Album Review: Factory Floor - 'Untitled' (Blast First Petite)

Not an easy listen, maybe, but this four-track noisecore epic is all the more rewarding for it

Album Review: Factory Floor - 'Untitled' (Blast First Petite)

9 / 10 Three solemn shapes loom in the distance. Three unblinking statues, stern and merciless, who create a terrifying racket that simultaneously frazzles the nerves and slackens the bowels. For want of an easy moniker, you’d label it post industrial, but it moves beyond that; this is post-apocalyptic, the soundtrack of an underworld disco.

But even if Factory Floor revel in producing noise at its most primitive – an incessant drone of keyboards wired through twisted-metal synthesizers and thundering drums summoned from the heavens – ‘Untitled’ is not just a hollow shell of ferocious sound. Featuring just four tracks (and a DVD, Solid Sound, a film and soundtrack made by the band, whose Rorschach-style shifting shapes aptly fits their desolate sonic landscape) that span over 40 minutes, at its core is a bleakness that serves as the final point of a dystopian triangle begun earlier this year by These New Puritans‘Hidden’ and Liars‘Sisterworld’. There’s a palpable sense of nihilism throughout, evidenced by the harsh, grating lines of ‘16-2-16-9 20-1-14-9-7’, which stretch out over 10 taut minutes. ‘A Wooden Box’, meanwhile, is an intersection of relentlessly marching keyboards and metallic clanging, over which Dom Butler repeats: “We won’t need a gold chain/We just want a wooden box/Dig a hole in the ground/ Throw us in and let us rot”.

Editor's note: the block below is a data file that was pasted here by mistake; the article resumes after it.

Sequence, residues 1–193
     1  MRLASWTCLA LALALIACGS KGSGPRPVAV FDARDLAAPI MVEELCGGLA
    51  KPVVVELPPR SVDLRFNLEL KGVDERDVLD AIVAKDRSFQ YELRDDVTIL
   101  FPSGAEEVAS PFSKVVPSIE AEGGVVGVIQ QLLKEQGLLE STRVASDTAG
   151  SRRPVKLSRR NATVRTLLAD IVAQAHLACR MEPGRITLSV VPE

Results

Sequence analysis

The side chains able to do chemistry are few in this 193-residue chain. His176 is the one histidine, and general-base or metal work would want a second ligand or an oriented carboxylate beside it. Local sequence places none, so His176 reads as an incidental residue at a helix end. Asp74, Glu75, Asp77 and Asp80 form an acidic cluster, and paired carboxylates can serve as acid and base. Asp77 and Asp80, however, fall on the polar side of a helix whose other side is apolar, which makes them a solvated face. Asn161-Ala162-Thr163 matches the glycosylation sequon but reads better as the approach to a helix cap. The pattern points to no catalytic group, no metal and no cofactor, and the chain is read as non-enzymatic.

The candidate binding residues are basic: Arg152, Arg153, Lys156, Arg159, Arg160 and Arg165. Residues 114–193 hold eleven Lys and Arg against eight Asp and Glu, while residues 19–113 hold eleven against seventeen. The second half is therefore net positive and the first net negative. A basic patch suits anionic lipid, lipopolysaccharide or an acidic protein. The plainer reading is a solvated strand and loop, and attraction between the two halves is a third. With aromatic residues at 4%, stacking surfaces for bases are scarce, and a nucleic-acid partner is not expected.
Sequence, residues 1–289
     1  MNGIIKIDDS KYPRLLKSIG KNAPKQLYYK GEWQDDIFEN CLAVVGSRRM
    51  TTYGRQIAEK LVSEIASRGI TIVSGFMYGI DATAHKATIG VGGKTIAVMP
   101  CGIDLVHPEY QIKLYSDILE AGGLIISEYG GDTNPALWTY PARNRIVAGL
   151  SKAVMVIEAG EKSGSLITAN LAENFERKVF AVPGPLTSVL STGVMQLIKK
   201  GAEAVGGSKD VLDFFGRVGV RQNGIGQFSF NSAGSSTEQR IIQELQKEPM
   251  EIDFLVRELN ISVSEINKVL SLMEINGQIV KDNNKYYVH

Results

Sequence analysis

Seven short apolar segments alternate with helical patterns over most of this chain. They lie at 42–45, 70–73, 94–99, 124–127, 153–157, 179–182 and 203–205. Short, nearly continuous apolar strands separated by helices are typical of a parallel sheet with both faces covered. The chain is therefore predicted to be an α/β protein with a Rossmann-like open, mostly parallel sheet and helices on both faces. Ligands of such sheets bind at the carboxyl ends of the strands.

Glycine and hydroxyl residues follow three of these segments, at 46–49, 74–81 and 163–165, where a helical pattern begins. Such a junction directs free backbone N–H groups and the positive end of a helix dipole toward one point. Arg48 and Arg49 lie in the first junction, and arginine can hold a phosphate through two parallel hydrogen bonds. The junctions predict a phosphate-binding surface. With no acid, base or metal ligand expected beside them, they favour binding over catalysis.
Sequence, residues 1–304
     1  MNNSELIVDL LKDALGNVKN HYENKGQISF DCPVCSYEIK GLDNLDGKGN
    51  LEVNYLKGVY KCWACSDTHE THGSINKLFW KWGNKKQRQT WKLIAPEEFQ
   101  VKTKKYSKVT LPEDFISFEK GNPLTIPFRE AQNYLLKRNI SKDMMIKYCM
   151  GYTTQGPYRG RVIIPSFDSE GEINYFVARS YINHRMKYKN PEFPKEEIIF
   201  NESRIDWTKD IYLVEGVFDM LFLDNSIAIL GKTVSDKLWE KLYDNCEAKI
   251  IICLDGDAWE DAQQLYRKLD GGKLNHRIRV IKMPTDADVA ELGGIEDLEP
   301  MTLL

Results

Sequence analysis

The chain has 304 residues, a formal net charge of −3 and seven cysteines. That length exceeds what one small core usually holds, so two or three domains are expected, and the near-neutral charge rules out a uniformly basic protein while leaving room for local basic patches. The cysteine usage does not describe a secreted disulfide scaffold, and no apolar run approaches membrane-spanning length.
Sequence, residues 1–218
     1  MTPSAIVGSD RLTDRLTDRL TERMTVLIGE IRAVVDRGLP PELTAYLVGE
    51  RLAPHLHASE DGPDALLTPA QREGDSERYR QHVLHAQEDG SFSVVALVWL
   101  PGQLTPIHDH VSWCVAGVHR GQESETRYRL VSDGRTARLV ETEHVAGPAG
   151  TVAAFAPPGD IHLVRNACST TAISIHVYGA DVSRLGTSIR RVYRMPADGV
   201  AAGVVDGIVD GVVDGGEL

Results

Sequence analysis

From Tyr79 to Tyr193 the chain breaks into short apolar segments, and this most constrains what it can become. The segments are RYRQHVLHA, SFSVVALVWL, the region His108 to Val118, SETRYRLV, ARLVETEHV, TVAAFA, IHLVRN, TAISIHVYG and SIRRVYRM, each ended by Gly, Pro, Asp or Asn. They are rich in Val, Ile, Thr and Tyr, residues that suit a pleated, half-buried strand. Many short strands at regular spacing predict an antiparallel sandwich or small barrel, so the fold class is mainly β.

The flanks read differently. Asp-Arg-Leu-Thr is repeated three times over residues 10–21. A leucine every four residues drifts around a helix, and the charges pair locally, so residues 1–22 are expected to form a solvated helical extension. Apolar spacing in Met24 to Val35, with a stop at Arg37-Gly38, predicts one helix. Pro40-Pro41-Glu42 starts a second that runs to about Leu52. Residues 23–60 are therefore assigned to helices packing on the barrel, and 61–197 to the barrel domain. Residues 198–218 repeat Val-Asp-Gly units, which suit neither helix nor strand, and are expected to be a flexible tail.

Fight through the gloom, though, and you discover what makes Factory Floor truly special. Unlike the discordant shrieking of lesser noise bands, there’s a driving pulse thundering away throughout ‘Untitled’, compelling the listener’s limbs into motion. ‘Lyin’’ is built around a hammering metronomic beat that never ceases, providing the perfect devilish backdrop for Nik Void’s haunting proclamation of “Four in a room/Five in a room”. Factory Floor never stop; they never clock off; their labour is neverending.

Ben Hewitt

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